(a) Individual protective measures against arthropods, such as the use
of insect repellents, uniform impregnants, and protective clothing.
(b) The use and repair of insect screening and bednets.
(c) The use of residual and space insecticide sprays for the control of
flies and related pests.
(d) Rodent control measures.
Food service sanitation.
Unit waste disposal.
(g) Individual water purification procedures.
(h) Residual chlorine determinations in water supplies.
(2) The field sanitation team is not normally functional in garrison, but is in a
state of training. In the field, the team conducts control operations within the unit area in
the above measures and in all other measures necessary for the protection of health of
c. Individual Responsibilities. Although the field sanitation team may provide
valuable assistance to the commander, the real success of a unit preventive medicine
effort depends upon each individual in the unit. The commander must use the existing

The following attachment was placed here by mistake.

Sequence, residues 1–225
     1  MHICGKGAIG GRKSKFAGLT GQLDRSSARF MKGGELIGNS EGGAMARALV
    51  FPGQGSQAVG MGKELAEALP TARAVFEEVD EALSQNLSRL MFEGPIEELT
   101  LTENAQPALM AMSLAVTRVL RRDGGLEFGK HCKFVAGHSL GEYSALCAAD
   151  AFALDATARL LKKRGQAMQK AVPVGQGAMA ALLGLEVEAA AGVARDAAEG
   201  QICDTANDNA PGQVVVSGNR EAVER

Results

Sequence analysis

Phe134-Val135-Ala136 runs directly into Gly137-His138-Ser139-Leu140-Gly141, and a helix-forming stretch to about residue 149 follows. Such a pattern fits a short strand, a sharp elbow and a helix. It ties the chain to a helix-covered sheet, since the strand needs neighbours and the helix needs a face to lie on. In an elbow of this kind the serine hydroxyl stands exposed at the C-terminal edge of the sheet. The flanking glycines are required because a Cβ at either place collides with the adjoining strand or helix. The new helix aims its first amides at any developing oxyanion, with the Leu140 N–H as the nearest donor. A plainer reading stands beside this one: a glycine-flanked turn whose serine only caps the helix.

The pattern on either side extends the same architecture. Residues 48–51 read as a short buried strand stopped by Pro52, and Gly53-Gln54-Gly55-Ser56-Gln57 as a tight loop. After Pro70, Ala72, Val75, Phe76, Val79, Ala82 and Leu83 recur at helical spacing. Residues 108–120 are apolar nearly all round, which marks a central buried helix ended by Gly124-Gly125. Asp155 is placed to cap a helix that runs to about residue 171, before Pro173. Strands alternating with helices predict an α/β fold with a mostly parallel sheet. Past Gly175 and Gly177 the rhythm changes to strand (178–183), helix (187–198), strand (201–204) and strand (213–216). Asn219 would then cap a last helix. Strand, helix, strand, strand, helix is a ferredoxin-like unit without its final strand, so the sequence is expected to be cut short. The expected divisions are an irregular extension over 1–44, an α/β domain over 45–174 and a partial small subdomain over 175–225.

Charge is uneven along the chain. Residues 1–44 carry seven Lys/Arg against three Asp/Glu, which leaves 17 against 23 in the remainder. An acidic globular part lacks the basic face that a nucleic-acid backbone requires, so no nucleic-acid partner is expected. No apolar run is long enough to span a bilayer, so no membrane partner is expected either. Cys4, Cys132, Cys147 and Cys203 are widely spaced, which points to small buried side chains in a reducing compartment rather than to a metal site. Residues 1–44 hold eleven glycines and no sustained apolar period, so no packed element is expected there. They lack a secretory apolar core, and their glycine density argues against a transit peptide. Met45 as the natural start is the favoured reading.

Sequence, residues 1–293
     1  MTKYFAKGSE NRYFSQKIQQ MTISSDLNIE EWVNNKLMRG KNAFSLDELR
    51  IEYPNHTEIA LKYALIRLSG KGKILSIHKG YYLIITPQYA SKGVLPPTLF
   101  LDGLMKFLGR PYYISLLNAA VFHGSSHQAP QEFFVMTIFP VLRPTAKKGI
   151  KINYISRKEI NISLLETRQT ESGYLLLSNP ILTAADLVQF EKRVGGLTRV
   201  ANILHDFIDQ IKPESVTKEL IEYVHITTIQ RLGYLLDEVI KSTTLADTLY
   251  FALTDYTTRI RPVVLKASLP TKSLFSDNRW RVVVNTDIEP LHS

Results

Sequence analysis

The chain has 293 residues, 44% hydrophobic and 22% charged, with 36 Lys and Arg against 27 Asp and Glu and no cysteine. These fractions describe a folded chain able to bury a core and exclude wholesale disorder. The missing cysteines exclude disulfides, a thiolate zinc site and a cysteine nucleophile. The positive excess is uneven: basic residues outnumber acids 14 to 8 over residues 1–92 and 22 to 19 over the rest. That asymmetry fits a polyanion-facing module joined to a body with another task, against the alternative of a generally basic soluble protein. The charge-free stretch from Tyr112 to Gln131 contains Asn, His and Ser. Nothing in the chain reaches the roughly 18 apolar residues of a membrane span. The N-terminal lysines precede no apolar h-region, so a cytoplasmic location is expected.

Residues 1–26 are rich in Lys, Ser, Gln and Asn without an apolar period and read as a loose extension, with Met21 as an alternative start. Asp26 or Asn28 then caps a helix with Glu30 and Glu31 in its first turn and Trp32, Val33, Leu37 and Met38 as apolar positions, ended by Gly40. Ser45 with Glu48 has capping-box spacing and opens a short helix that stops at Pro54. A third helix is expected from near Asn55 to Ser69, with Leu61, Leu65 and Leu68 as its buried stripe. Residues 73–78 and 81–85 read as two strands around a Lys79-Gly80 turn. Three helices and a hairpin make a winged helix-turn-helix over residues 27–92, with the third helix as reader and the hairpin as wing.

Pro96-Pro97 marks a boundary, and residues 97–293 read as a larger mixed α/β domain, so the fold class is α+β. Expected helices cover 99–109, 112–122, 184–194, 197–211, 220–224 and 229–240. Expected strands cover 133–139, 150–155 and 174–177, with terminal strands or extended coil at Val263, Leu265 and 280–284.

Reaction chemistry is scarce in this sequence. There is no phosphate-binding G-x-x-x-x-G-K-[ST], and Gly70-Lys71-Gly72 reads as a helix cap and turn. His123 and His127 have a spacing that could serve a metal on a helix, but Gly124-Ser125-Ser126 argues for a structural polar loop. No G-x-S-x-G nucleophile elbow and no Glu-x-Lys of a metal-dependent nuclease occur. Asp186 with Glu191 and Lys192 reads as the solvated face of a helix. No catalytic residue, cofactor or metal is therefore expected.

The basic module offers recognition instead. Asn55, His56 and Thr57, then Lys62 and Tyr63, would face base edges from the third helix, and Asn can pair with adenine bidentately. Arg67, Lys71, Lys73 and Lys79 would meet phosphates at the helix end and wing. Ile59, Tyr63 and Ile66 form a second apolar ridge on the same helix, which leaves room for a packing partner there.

chain of command to emphasize to each member of the organization the importance of
personal hygiene, sanitation, and individual protective measures against arthropods and
other disease vectors. Handwashing devices, field showers, insect repellent, mosquito
nets, and other health aids are of little value if the troops do not use them. Therefore,
unit-level preventive medicine is largely a matter of education.
UNIT-LEVEL PREVENTIVE MEDICINE ACTIVITIES
Unit-level preventive medicine focuses primarily on the following major activities:
a. Field Water Supply and Waste Disposal.
(1) The Corps of Engineers is responsible for supplying potable water, safe
to drink, to tactical units in the field. Engineer field water purification equipment is very
reliable and produces water of high quality. However, no unit can afford to be
complacent. There are many possible sources of contamination in the field after the
water has been purified. It is the unit's responsibility to sample the water supply to
ensure its potability. In addition, there are times under combat conditions when
engineer water supplies are not available to combat troops because of disrupted supply
lines, inadequate transportation, and other logistical difficulties.